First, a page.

A LEADING pastor has called the Bahamas Christian Council’s support for medicinal marijuana a “grave” and an “alarming” mistake.

In a press statement released on Wednesday, Pastor Cedric Moss condemned the religious group’s stance on medical marijuana, calling BCC leaders contradictory for supporting medicinal use of the drug and not religious use.

“…It is a stark and glaring contradiction because in the same breath of support for medical marijuana, the BCC opposes religious marijuana,” Pastor Moss noted. “What is the rationale for supporting people smoking dope in the name of medicine, while in the same breath opposing people smoking dope in the name of religion?”

He continued: “…If the government adopts the (Bahamas National Marijuana) Commission’s recommendation, marijuana use in The Bahamas, legal and illegal, will undoubtedly increase to alarming levels with societal harm.

“Sadly, some of the responsibility for such an outcome will lay squarely at the feet of the BCC.”

His comments came hours after the BCC released its highly anticipated position paper on the controversial drug, adding support behind regulated medical use of marijuana. However, the council was firm that recreational use should not be encouraged or condoned.

“We do not believe marijuana use should be condoned or encouraged as it is a mind-altering potentially debilitating drug to some at varying degrees, capable of several negative side effects such as marijuana induced psychosis, cognitive impairment, negative impact on the brain of users under the age of 21, and reduced productivity,” a BCC statement read.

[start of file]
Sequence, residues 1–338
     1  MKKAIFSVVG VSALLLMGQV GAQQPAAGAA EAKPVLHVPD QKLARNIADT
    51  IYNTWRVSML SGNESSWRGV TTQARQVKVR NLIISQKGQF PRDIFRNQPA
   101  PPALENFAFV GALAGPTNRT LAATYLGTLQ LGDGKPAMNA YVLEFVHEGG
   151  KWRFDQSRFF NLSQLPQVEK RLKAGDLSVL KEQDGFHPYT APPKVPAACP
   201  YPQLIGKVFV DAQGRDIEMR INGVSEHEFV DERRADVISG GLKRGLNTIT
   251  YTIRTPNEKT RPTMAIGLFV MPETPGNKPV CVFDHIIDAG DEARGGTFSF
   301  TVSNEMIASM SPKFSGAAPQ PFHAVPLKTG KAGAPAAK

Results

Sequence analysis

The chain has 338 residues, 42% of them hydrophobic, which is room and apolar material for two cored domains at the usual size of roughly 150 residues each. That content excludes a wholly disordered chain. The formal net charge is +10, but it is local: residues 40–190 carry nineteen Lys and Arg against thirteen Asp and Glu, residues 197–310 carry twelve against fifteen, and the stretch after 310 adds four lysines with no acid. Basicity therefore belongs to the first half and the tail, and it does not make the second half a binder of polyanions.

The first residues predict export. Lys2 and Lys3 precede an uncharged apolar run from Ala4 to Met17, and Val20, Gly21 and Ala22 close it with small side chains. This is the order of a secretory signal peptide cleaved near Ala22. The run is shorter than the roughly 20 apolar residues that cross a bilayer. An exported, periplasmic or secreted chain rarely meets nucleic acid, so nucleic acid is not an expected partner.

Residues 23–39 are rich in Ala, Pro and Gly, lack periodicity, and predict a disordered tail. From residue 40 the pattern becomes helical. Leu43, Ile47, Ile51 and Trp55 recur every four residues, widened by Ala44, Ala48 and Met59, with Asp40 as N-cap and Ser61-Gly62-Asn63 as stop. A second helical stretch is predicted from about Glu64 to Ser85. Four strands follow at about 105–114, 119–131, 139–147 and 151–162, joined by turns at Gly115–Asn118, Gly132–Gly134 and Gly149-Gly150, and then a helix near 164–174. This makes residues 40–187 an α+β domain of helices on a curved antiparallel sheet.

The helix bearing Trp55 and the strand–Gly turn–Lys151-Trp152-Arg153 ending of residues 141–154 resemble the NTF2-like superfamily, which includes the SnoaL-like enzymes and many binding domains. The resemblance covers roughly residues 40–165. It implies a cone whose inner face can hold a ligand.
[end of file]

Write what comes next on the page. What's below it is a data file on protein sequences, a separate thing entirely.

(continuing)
“We have no objection to medicinal use as long as it (is) properly regulated and scientifically proven to be the best remedy for the condition prescribed.”

The BCC also disagreed with calls from the Rastafarian community for the government to sanction marijuana use for religious purposes.

Calling it contradictory, Pastor Moss noted that a referendum should be held in the country to decide the matter.

“Indeed, deciding this matter by way of referendum would be the deepest expression of our democracy to settle it, and all true democrats would be willing to live with the outcome, even if it happens to be what they oppose,” he continued.

“Therefore, if a majority of Bahamians wish to legalise marijuana for recreational and whatever other purposes, they should be allowed to. The opposite is also true. Whatever the outcome, we should accept it as the will of the majority.”

In February, Prime Minister Dr Hubert Minnis tabled the Bahamas National Commission on Marijuana’s report in the House of Assembly.

The BNCM recommends that up to one ounce of marijuana be decriminalised for people 21-year-old and older. It also recommends having the drug legalised as a sacrament for Rastafarians and legal medical marijuana.

However, the commission did not take a view on whether cannabis should be legalised for recreational use.


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